Up until now, the only ones taking AoIP (Dante and Ravenna) on are Focusrite and some others, and a bunch of digital desk manufacturers. Even so, those audio card manufacturers are only looking at large I/O sets per module, which makes for a very expensive entry cost.
A software wrapper for existing ASIO cards would allow the rest of us to use our current cards initially, but just add more I/O as our needs increase. I could imagine adding little i3 BRIX modules with USB audio interfaces as and where we need them.
his solution was the yamaha dante card with the adinate dante virtual soundcard.
for him it was an unsatisfiying solution, thats why he switched to rme raydat
unfortunalty i dont know what type of latency he actually got with dante.
he simply said : “unstable and a lot of latency”
my local dealer told me that he never heard of anyone using dante in a recording environment.
he said: “it is okay if you do “live show” and use it to record the show”
thats why i would be interested to hear if someone was able to use adinate one or focusrite dante.
right now i believe it is an highly overpriced ethernet network card.
but AoIP would be great.
The Dante virtual sound card (host) will add a minimum of 4ms overhead, with minimum ASIO latency of 1ms. It is software, and I would expect that it is more for driving PAs than for serious recording work.
The Dante interface card (client) for Yamaha devices can be set for latencies of 0.15, 0.5, 1.0, or 5.0 ms.
The physical Dante sound card (host) cites network latency as low as 150us, and round-trip latency, including audio app, as low as 2.99ms, which is about what I currently get with my Cubase and Firefaces at 256 samples at 192k/32.
Hence, it appears that using the software Dante host is the limitation in your friend’s setup.
For serious recording, I would expect to use a physical Dante PCIe card to get the lowest latencies. Unfortunately, the Focusrite one is $1000. Hopefully if Audinate can get better traction for Dante by providing a client ASIO wrapper, the price will drop.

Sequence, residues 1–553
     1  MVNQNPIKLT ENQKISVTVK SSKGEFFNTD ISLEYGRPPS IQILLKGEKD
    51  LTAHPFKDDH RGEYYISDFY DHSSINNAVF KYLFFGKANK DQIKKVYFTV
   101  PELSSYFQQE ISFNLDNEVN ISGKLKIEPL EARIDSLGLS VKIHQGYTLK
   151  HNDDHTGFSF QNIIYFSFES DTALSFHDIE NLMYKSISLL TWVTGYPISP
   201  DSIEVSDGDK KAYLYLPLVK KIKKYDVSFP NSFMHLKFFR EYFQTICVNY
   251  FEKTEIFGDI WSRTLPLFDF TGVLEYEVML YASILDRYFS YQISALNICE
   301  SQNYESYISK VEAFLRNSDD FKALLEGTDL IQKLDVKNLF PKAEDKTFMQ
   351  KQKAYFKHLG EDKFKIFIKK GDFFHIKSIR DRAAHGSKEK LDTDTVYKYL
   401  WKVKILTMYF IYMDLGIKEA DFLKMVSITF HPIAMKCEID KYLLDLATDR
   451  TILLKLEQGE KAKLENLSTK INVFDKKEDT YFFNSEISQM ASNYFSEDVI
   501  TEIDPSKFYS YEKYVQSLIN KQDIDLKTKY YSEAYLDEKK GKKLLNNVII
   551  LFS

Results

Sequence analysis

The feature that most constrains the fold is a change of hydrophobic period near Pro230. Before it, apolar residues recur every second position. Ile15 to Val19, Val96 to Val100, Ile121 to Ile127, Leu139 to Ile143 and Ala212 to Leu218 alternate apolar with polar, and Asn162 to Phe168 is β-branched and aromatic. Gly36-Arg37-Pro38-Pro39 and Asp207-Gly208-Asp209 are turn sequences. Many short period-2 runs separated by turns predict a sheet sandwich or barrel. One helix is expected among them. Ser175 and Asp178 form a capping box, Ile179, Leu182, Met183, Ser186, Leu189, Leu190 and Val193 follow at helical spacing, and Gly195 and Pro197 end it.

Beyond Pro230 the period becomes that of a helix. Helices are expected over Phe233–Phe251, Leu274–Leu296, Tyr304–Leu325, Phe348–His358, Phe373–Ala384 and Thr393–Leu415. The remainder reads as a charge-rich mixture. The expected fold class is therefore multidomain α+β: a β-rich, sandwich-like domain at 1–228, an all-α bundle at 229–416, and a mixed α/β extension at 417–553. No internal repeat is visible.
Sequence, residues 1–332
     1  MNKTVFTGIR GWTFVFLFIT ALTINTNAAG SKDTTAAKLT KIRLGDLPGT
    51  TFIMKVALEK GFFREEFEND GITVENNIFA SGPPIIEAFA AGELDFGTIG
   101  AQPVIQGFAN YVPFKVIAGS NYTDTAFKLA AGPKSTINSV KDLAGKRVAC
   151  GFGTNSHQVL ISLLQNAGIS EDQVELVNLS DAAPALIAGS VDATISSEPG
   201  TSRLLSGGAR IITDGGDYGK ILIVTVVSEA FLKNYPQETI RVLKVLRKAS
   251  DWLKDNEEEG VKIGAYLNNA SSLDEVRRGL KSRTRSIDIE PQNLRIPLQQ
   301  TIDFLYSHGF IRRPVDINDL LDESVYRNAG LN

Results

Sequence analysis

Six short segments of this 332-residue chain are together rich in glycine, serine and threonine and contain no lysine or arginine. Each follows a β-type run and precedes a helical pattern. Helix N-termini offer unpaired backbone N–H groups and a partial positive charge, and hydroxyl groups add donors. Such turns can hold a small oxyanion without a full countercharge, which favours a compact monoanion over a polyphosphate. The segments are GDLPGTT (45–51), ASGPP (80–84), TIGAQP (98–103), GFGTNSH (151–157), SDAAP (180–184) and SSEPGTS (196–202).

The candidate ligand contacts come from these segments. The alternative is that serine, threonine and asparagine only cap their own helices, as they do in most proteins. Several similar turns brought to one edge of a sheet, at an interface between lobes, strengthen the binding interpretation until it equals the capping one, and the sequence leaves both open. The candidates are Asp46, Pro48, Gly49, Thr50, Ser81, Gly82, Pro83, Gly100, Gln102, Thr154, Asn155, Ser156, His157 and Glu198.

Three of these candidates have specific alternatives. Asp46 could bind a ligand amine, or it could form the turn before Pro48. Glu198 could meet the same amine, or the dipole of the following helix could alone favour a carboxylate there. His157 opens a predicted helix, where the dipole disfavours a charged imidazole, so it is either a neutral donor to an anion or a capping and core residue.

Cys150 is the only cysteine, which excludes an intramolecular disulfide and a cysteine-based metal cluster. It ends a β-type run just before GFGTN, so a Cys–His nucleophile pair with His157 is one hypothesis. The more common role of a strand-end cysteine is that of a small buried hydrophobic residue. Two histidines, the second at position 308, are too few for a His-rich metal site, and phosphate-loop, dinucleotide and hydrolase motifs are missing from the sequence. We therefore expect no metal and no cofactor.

okay, adding another 4ms to the system, yeah the virtual soundcard could be to blame.
but what about system stabilty / reliabilty?
2.99ms RTL ? at wich sample rate? including converters or just for ethernet - sequencer - ethernet?
As as far as i know the whole ethernet protocol and the router adds latency to the system.
do you have tested it yourself or are these the marketing claims?
Have to wait for reviews for that, but a few heavyweight equipment players have opted for it, but mainly (like for Ravenna) in the digital console area, rather than DAW.
They cite that 3ms for ‘round trip’.
The latency settings for compensating for this go as low as 150us and up to 5ms. The hardware card has its own GbE port, and one would use switches separate from general LAN traffic to ensure minimal disruptions.
Advertising blurb. Lots of promises, but awaiting for someone to review the setup, and some desperate early adopters to give the goss on what it is like to live with.
Dante can work at low latency (hardware the software version is not too great)
however a very good knowledge of networking is required. despite what you may read on some vendor sites.
a good Network switch is required to use DHCP… some sites say NOT to use DHCP and this is completely WRONG…
we have set up Yamaha Nuage and Focusrite Rednet systems as well as the older original Dante card for Yamaha.
all working at low latency large track count.
Yamaha still uses our systems for their commercial audio demos at shows and those are all dante set ups.